It’s an interesting thing, and I’ve heard so many different interpretations and they’re all really interesting to me. They all kind of make me look at the film differently every time I see it. Again, David never really fully said what the film was about and left that to us, and even in interviews, he kind of stays away from saying what he thinks the film’s about, because he likes to hear everyone else’s interpretations of the film. For me, I think people focus a little too much on the sexuality aspect, and I don’t think it’s necessarily about the sex as much as people think it is. The really extreme ones I’ve heard is that it “tells teens not to have sex”, or that it’s anti-sex, which I personally don’t get from the film at all. Personally, I think they’re metaphors about death, which is unavoidable and it keeps coming. For me, having sex with people or just being intimate with them, you feel less alone, and that kind of somehow keeps it at bay I guess. Again, it’s just my interpretation, but I think it’s just this thing that will keep coming after you, no matter what you do. I’m sure David had a completely different interpretation of it, but that’s just mine.

There’s a strong amount of chemistry between the whole cast, and it feels very genuine. Was that something that was built on during rehearsing or were you all able to get that during the filming process?

There was an amount of rehearsing. What I think that all came down to though, with the chemistry, is that we all just arrived in Detroit and where we stayed wasn’t exactly in Detroit, it was more just outside of it. We were all in this hotel together, and none of us were from there, so you kind of just start bonding and spending all of your time together and visiting the city together and stuff. So, I think it was a very quick bonding experience, and on top of that, we all just got along together, there were never any egos on set or anything like that.

The film’s soundtrack by Disasterpeace is such a crucial part of them film, and it really helps build that tone and those moments. Not having that template to go off of during filming, how was it establishing a mood or tone while filming?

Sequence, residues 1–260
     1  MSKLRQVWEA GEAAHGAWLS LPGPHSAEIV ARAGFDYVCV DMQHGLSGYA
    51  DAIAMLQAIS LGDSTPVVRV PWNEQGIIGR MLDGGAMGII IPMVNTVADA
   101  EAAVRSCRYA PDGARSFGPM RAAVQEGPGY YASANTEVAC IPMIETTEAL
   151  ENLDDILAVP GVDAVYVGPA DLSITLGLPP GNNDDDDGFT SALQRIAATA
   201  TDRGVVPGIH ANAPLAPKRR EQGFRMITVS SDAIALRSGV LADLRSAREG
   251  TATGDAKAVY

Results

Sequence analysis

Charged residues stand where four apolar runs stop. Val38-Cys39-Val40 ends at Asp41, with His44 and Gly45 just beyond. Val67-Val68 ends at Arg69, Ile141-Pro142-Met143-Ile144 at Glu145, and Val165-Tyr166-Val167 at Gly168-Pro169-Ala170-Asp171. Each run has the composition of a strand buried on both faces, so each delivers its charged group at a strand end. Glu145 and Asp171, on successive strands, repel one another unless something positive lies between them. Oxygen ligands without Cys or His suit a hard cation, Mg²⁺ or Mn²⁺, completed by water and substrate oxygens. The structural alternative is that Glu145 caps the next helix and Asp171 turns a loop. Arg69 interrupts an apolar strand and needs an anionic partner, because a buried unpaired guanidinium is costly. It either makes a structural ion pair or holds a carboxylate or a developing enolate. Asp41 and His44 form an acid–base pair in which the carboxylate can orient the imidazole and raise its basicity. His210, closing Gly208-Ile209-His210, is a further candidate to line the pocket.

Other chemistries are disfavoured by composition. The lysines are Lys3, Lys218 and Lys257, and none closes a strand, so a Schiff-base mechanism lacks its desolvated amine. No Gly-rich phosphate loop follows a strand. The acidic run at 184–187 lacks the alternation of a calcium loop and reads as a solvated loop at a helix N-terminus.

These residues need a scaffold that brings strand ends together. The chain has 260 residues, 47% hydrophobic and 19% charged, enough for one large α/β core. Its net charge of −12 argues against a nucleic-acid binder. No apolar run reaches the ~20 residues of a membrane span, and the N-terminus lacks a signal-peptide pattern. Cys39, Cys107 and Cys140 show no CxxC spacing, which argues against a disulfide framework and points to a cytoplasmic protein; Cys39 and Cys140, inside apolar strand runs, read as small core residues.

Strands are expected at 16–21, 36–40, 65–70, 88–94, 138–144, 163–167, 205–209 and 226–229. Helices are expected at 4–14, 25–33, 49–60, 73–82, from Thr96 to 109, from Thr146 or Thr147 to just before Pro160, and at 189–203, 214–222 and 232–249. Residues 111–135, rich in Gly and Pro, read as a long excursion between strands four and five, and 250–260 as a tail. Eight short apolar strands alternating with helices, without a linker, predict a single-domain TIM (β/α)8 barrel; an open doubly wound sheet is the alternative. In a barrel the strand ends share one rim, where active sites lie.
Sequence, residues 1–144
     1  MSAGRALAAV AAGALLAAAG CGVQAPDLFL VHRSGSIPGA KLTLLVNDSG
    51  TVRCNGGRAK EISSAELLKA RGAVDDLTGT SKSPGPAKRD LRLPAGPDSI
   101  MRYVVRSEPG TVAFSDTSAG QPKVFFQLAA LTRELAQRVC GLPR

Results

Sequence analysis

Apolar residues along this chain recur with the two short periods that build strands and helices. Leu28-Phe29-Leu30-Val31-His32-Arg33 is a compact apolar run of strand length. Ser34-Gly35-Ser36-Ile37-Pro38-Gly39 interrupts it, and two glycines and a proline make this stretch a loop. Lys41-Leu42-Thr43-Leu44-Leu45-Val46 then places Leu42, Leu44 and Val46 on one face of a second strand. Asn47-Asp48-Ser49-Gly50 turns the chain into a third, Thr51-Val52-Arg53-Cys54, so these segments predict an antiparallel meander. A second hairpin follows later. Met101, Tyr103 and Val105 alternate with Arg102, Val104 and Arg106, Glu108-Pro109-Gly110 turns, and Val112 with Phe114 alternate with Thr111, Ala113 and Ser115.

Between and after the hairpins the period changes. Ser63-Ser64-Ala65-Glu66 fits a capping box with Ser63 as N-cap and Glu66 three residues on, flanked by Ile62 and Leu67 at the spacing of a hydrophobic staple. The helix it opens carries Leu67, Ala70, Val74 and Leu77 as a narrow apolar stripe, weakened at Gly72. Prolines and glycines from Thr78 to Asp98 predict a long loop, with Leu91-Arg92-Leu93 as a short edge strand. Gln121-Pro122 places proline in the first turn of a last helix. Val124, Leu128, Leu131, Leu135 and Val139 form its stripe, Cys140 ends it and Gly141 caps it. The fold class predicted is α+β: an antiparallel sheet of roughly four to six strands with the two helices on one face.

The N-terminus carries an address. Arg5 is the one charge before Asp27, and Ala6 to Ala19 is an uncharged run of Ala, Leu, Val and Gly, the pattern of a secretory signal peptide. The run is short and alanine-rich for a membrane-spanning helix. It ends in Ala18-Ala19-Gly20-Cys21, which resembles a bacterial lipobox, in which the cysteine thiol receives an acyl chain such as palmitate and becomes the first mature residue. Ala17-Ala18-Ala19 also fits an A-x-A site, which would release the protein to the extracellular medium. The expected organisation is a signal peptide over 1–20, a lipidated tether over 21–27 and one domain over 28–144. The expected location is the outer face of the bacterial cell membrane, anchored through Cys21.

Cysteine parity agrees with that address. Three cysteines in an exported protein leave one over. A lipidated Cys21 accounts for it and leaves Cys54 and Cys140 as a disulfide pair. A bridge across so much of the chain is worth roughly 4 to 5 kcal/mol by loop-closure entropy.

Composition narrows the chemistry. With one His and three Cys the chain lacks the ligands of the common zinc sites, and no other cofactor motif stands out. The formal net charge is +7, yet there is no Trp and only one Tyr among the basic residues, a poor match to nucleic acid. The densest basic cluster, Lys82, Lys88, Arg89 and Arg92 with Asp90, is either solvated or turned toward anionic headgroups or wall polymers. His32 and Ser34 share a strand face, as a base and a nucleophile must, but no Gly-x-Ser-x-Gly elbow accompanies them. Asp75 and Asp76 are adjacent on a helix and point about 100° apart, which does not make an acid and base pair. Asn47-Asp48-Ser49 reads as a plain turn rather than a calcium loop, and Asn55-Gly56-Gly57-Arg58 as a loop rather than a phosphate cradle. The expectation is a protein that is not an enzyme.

Yeah, that’s really interesting because that music is almost like another character and is pretty inseparable from the film. We had no idea what the music would be like and it’s interesting how well it DID sync up with the film. I think again, it just came down to David, and his vision. He definitely had control on set, and it really came down to really trusting him and that he knew what he wanted. Even in terms of the “Its”, it was always just a person with a little makeup on, I had no idea how well it was going to transition. I remember asking David on set, “How is this going to work, are you going to add some CGI and black out their eyes?”, and he was always like “No, I don’t think so”. We all were thinking, “OK, we’ll see how this turns out,” and it was amazing. But yeah, Disasterpeace really brought it with that soundtrack, I really want to get that vinyl.

The character of Paul does a lot without even talking at times, it was impressive seeing the character emote with just looks at times. Was that something you chose to do as an actor, or was there a collaboration with David about how the character would be?

David worked with me and really helped guide me a lot, because that character is essentially HIM in that story. We really talked about how Paul was feeling, and as an actor, I really like to listen, so I thought it was important for Paul to just listen, so I tried to put a lot into even just reaction shots. Especially with Paul, because the character is a really smart, young guy and I feel like he has butterflies in his chest for most of the movie.

In the horror community, there’s a lot of buzz about TALES OF HALLOWEEN, which is being made by some of the greatest people around. You’re in Paul Solet’s segment, right? Is there anything you could tell us about that?

TALES OF HALLOWEEN is one that I’m really stoked about. I haven’t seen it yet, but it’s a very ambitious project, with all of the directors coming together to make an anthology on a small budget. The theme to it is obviously Halloween and it’s more of an old-school horror vibe, none of the “torture porn” stuff, instead it’s supposed to be creepy and eerie and with practical fx. Some have monsters, some of them are silly and Paul (Solet), who directed me in DARK SUMMER got a hold of me and said he had written a script for his and wanted me to play the lead in it. I love Paul, so I said yeah, and we shot a really cool short for that. I’m excited for it.